Over 100 Artists Postpone Licenses to Karaoke Developers

Karaoke users will be “livin’ on a prayer” after league of popular artists announces new karaoke ban

Looks like karaoke lovers will be rolling in the dumps next time they head out for karaoke.

That’s because artists like Adele, Bon Jovi and over 100 bands and performers are now pulling the cord on their licenses with karaoke developers. According to The Sun, the new ban will also include karaoke favorites such as Madonna’s “Holiday,” Prince’s “Purple Rain” and even Bon Jovi’s singalong classic “Livin’ On A Prayer.”

And according to the story published by the UK publication, artists including Katy Perry, Justin Timberlake, the Bee Gees, the Eurythmics, New Order and even some tunes by the Killers are on that list.

There’s also a graphic featuring a list of ten favorite songs that are set to get the ax. The songs include:

  1. Adele – Hello
  2. Bon Jovi – Livin’ on a Prayer
  3. Madonna – Holiday
  4. ABBA – Dancing Queen
  5. Justin Timberlake – Can’t Stop the Feeling
  6. The Killers – Mr. Brightside
  7. Katy Perry – Roar
  8. Prince – Purple Rain
  9. Coldplay – Paradise
  10. U2 – With or Without You

Jay Taylor, maker of karaoke content for Vocal-Star, believes this move will devastate the karaoke industry and have a major effect on karaoke bars. Bars are already responding to the news, saying that such this move ultimately “deprives the artists of royalties.”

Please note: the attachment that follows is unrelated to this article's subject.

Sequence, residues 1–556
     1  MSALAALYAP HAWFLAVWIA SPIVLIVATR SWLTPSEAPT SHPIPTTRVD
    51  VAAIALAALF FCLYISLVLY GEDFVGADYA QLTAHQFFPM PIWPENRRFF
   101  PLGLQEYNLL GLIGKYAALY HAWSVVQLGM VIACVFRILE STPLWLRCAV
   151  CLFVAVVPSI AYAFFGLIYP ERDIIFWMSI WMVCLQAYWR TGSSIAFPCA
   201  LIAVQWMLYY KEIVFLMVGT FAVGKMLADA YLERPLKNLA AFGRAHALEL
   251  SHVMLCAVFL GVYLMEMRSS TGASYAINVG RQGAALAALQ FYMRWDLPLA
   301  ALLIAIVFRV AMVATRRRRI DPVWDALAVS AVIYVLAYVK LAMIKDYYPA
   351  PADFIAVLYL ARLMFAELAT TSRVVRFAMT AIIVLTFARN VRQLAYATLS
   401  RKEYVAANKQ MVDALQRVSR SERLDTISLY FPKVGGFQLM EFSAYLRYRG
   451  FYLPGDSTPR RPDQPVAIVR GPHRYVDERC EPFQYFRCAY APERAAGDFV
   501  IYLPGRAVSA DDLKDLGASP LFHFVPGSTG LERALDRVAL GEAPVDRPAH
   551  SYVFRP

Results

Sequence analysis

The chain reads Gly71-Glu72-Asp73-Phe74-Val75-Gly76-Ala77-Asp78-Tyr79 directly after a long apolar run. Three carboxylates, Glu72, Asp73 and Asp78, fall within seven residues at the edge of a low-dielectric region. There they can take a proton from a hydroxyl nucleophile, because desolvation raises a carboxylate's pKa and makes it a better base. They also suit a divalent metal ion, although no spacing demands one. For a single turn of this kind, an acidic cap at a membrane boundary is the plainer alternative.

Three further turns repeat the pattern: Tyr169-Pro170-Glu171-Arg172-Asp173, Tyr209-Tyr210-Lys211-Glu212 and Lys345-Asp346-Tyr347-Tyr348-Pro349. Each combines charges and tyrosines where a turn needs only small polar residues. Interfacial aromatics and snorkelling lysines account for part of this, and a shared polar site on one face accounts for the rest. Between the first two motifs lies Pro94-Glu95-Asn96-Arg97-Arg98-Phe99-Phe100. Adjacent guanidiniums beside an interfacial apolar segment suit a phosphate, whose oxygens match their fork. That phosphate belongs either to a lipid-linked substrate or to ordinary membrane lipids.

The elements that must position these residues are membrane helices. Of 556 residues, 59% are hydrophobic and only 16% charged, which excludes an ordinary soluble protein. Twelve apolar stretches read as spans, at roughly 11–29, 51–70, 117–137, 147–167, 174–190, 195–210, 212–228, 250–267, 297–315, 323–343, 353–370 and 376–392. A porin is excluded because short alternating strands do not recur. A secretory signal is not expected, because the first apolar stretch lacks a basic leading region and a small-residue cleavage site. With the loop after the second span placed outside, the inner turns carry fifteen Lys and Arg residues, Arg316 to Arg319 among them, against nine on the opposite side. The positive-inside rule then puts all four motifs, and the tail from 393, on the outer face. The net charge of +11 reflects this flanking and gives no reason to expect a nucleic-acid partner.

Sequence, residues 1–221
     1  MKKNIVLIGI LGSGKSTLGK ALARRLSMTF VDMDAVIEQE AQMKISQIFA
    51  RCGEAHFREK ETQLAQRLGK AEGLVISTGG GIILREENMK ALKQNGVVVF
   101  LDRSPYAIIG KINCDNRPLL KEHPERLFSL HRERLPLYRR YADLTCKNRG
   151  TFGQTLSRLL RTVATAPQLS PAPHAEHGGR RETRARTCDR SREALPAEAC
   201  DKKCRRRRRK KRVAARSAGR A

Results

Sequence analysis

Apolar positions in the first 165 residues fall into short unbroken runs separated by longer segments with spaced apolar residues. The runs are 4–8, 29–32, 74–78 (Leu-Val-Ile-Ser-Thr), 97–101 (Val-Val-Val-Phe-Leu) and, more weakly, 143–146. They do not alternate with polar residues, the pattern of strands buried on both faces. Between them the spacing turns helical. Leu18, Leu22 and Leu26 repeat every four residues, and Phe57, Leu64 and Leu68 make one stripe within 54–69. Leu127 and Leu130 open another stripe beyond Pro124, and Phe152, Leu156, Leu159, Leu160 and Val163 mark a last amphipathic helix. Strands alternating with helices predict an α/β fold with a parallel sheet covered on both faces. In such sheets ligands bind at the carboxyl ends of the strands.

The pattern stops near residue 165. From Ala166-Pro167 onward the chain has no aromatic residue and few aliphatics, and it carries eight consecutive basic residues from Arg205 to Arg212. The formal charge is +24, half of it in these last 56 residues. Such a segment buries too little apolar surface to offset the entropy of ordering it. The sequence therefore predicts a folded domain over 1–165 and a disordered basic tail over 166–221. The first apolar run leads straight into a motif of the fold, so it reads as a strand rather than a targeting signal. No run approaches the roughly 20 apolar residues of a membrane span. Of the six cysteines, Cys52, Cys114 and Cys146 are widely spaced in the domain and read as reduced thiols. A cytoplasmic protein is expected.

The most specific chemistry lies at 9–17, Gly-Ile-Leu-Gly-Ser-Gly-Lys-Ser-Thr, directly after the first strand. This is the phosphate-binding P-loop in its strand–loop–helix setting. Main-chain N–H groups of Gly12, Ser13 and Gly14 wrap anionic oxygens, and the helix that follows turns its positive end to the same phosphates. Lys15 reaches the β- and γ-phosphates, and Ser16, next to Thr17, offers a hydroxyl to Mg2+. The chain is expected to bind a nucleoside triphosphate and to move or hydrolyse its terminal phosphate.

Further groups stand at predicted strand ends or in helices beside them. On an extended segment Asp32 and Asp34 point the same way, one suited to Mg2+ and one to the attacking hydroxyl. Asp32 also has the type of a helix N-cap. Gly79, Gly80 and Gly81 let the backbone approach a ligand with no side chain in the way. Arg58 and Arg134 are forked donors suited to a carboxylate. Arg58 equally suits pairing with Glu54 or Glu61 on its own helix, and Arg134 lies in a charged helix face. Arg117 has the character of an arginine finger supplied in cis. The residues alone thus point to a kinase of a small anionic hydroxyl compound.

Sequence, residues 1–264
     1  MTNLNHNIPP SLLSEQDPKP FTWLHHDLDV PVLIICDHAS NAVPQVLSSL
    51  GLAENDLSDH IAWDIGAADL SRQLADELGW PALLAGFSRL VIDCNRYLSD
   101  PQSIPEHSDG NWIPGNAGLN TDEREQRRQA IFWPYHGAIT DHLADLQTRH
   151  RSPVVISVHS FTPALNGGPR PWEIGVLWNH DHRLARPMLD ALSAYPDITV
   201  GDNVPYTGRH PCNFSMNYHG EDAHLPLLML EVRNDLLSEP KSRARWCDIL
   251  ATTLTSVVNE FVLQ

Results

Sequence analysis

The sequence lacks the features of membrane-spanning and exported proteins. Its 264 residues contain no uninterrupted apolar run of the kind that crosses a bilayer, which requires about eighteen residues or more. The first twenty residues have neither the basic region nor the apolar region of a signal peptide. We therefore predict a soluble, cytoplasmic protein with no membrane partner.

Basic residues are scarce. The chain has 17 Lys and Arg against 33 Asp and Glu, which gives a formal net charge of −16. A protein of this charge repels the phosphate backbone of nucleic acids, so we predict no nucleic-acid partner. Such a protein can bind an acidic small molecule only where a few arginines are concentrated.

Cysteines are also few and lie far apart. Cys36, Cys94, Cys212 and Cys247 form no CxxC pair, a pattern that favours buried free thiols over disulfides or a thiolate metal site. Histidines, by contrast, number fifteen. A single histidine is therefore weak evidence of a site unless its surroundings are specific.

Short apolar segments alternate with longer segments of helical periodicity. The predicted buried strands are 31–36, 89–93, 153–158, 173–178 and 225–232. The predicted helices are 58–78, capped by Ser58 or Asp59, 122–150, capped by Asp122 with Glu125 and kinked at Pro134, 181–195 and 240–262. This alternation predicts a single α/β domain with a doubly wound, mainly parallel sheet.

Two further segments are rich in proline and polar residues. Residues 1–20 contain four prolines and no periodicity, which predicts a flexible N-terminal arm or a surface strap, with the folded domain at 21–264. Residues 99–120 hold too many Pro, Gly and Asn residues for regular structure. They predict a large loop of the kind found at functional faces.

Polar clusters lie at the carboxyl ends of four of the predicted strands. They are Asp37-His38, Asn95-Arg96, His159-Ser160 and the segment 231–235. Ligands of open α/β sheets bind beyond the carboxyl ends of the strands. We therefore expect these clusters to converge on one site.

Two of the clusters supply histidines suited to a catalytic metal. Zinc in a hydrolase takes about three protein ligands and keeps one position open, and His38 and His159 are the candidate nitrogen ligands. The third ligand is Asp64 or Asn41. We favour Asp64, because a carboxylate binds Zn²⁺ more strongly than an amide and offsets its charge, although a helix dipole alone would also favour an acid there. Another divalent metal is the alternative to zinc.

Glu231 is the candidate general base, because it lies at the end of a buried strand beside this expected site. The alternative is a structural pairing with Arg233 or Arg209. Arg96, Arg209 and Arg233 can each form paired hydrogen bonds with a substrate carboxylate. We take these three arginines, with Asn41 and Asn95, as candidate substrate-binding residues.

It’s quite possible that the artists are willing to re-negotiate their deals with the companies in order to demand a higher percentage of royalty rates. Or that they might be tired of amateur singers ripping their songs to shreds…or in some cases, performing better versions of the originals. “Artists might want to negotiate their own deal with karaoke companies, or it might be they don’t want songs overplayed and put people off, ” said Rob Kempton of music rights consultancy Footprint Music. “Maybe some just don’t like karaoke.”

Others are also speaking out about the startling news. Gary Oates, a karaoke developer from Normady. “It’s going to affect us, but then you’ve got to think about the other guys who earn a living from karaoke,” he said. “This includes the mobile DJ’s, the venues. [And] the fans are the ones who are going to miss out the most.”

Oates also warned if you purchased any physical product with the now-banned material legally, you’re safe. “We just won’t be able to supply them anymore going forward.” He also stresses how this ultimately affects the artist down the road: “A lot of these songs are from old artists who haven’t recorded new material in decades.

Via The Sun:

The ban already applies to online streaming services but will be extended to discs from January.

And future releases will no longer be available in any format.

And also, because this story broke in the UK on several platforms including The Daily Mirror and Metro News, it could very well have to do with publishing and royalty indifferences due to territory/region. No word if this affects regular karaoke in the States.

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